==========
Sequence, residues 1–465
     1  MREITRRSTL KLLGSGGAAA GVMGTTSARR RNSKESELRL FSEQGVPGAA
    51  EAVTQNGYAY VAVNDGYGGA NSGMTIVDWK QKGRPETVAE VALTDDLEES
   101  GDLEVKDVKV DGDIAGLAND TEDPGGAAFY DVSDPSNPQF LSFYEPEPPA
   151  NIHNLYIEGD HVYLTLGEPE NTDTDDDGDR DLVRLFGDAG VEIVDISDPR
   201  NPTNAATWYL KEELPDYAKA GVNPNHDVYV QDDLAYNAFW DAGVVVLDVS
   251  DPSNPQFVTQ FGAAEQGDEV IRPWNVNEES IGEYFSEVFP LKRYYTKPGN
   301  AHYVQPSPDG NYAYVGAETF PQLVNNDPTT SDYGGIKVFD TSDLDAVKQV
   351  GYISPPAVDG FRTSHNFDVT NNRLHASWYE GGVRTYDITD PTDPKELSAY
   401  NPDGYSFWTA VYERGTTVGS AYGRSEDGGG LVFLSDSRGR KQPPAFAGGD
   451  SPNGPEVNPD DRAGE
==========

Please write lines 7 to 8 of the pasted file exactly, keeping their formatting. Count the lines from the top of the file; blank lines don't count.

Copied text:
   251  DPSNPQFVTQ FGAAEQGDEV IRPWNVNEES IGEYFSEVFP LKRYYTKPGN
   301  AHYVQPSPDG NYAYVGAETF PQLVNNDPTT SDYGGIKVFD TSDLDAVKQV